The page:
June 22, 2017 02:49 PM

In the pet adoption world the phrase, “Who rescued who?” is popular. Pets bring so many positive things into our lives, it can seem like they are the ones who saved us. Now, it turns out they really can.

Melody Jackson, an associate professor and director of the animal-computer interaction lab at the Georgia Institute of Technology, and her team are working on finding new ways dogs can help their owners during medical emergencies, reports CNN.

One of their most recent developments is a touchscreen designed for dogs to use during an emergency. Jackson has found that canines can be trained to use this device, which is similar to a telephone, to contact help when they see their owners fall or when they hear a specific signal from their human.

“The dog could go over to a touchscreen and touch a series of icons on the touchscreen and call 911 with your location,” says Jackson, who was inspired to start the FIDO Project at Georgia Tech, after her grandmother fell and could not reach anyone for help. “We think that, literally, this could change lives, make lives so much better, and be a life-saver.”

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Along with improving communication between dogs and humans, Jackson also works as a dog trainer, and is confident that the touchscreen her team is working on will be easy for dog owners and their companions or service pets to learn.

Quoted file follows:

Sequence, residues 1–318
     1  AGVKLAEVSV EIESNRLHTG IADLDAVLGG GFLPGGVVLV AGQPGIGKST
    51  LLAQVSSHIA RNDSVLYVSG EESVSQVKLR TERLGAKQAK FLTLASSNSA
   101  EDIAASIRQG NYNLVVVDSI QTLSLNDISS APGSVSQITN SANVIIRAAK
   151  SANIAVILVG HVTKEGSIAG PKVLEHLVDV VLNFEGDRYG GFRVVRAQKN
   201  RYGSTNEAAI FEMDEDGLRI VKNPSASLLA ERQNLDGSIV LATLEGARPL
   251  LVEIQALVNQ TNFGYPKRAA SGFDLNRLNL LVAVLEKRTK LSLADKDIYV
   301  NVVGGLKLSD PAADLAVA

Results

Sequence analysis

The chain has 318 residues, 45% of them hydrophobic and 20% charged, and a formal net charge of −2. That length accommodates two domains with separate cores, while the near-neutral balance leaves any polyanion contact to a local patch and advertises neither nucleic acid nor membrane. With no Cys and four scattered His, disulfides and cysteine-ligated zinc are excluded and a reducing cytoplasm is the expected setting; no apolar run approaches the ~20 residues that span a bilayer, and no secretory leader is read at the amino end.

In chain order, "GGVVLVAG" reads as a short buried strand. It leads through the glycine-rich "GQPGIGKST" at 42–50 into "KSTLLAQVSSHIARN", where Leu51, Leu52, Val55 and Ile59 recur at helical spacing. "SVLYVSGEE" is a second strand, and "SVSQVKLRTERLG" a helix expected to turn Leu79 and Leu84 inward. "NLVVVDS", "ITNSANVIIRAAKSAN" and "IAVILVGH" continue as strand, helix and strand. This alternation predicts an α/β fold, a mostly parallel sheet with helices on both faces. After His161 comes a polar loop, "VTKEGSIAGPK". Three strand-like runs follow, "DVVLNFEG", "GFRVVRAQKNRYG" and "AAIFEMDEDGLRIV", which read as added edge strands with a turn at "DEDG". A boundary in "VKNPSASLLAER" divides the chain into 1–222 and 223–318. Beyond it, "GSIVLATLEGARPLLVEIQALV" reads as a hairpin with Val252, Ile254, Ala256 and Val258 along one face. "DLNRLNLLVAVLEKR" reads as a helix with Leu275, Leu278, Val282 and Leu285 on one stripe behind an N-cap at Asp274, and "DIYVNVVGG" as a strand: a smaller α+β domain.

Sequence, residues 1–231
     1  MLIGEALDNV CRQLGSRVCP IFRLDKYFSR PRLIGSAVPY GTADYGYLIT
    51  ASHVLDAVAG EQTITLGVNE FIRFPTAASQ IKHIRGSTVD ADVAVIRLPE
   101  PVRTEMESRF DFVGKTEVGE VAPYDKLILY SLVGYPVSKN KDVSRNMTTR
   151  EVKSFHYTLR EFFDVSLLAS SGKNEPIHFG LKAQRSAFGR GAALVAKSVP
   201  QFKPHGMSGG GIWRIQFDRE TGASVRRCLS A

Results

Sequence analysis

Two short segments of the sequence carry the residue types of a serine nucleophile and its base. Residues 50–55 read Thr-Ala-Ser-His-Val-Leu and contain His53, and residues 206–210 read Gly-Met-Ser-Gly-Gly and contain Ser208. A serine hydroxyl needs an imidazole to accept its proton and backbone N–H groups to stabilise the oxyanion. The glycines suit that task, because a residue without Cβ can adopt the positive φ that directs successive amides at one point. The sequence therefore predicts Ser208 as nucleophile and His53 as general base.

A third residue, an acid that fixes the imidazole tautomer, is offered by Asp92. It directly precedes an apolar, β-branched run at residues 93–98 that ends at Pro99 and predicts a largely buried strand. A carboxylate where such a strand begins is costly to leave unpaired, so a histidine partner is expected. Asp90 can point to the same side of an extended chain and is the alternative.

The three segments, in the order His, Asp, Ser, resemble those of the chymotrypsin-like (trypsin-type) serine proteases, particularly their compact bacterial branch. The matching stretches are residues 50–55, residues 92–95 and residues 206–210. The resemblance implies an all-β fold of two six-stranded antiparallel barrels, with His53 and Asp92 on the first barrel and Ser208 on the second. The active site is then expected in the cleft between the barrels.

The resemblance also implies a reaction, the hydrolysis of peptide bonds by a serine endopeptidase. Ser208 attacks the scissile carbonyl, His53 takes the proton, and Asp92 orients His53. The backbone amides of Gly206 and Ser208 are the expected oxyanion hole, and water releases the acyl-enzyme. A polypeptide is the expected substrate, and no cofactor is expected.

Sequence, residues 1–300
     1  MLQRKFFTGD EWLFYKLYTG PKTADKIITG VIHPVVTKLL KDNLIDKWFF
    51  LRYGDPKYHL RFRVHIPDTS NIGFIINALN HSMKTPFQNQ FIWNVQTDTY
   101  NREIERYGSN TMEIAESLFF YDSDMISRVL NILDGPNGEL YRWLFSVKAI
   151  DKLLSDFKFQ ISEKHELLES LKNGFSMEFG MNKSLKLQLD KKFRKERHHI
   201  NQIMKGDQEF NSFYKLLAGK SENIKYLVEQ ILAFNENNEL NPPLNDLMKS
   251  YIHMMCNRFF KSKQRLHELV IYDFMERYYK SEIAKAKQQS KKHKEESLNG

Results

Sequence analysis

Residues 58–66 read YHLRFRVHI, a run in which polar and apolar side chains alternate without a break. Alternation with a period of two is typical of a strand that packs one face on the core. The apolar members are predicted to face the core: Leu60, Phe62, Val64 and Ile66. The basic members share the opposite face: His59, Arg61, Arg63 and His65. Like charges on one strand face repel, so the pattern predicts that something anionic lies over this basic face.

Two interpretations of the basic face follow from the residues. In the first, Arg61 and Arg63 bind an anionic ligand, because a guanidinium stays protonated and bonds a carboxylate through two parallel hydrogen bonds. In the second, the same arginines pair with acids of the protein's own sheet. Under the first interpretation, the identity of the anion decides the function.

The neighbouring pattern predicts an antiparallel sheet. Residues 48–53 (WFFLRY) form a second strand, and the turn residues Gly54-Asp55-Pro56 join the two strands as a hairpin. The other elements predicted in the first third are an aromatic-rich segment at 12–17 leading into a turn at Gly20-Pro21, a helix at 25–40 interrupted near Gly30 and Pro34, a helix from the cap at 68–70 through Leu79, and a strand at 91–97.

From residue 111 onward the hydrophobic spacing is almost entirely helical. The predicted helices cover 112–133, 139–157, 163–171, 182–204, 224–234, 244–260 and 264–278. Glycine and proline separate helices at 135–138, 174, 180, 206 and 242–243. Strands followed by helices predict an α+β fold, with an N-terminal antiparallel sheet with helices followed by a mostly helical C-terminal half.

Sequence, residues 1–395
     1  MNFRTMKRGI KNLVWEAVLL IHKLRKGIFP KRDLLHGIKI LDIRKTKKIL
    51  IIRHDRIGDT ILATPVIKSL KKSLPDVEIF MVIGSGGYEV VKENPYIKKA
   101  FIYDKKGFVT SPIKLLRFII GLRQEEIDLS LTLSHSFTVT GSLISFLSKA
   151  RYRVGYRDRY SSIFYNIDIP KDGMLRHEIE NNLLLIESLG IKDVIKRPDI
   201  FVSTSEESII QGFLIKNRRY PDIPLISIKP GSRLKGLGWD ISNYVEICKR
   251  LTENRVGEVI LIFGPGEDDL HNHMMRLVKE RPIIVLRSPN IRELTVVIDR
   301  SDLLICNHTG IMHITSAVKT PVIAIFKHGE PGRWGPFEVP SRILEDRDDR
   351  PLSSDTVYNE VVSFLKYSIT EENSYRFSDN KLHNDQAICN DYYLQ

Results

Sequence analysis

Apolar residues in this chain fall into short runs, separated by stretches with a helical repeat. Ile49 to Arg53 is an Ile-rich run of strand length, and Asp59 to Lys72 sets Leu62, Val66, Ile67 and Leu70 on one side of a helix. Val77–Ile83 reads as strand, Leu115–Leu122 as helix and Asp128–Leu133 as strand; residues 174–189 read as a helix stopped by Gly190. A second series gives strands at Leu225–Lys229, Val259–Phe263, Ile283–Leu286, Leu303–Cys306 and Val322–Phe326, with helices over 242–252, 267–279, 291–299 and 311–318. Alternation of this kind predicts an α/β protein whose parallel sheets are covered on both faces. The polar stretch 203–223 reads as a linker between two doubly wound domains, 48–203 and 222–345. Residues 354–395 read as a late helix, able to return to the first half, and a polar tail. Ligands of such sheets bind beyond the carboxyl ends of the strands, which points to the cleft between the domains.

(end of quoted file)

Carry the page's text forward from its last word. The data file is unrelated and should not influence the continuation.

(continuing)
“A medical alert dog may need to summon 911 for their person who is having a seizure. Or a military working dog might need to tell their handler what kind of explosive they just found,” she said. “The dogs had no way reliably to do this. So we started focusing on technology to allow working dogs and specifically service dogs to communicate.”

Jackson and her team have already trained several dogs to approach the touchscreen and press three different buttons when they hear the ‘help’ command. In the real world, this action would trigger the device to call a preprogrammed emergency contact like a family member or 911.

This command requires three buttons to prevent accidental bumps and misdials. From the color of the buttons to the size of the device, FIDO Project has designed everything about the touchscreen to be dog-friendly.

Along with this touchscreen, FIDO Project is also working on a vest for dogs that comes equipped with an emergency cord either owners or pets can pull. When activated, this cord would be able to call emergency contacts, or play a pre-recorded message to alert others in the area. This last option would be especially helpful to diabetic alert dogs and seizure detection dogs, allowing them to tell bystanders that their owner is having a seizure and in need of help.

The future of health care is looking optimistically furry!

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